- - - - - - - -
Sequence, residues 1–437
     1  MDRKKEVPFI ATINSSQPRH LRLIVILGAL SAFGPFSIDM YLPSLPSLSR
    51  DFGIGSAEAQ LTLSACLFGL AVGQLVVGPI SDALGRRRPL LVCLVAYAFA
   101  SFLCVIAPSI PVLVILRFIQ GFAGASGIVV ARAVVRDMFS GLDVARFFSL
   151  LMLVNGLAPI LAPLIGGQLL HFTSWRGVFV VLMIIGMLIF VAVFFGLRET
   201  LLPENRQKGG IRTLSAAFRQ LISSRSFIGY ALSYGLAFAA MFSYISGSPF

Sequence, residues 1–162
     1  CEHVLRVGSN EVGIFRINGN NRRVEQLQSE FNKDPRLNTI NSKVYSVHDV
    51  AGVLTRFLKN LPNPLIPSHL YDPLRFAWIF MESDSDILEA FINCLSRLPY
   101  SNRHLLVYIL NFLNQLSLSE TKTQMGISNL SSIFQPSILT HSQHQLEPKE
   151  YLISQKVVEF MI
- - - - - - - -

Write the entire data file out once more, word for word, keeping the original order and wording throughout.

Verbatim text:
Sequence, residues 1–437
     1  MDRKKEVPFI ATINSSQPRH LRLIVILGAL SAFGPFSIDM YLPSLPSLSR
    51  DFGIGSAEAQ LTLSACLFGL AVGQLVVGPI SDALGRRRPL LVCLVAYAFA
   101  SFLCVIAPSI PVLVILRFIQ GFAGASGIVV ARAVVRDMFS GLDVARFFSL
   151  LMLVNGLAPI LAPLIGGQLL HFTSWRGVFV VLMIIGMLIF VAVFFGLRET
   201  LLPENRQKGG IRTLSAAFRQ LISSRSFIGY ALSYGLAFAA MFSYISGSPF

Sequence, residues 1–162
     1  CEHVLRVGSN EVGIFRINGN NRRVEQLQSE FNKDPRLNTI NSKVYSVHDV
    51  AGVLTRFLKN LPNPLIPSHL YDPLRFAWIF MESDSDILEA FINCLSRLPY
   101  SNRHLLVYIL NFLNQLSLSE TKTQMGISNL SSIFQPSILT HSQHQLEPKE
   151  YLISQKVVEF MI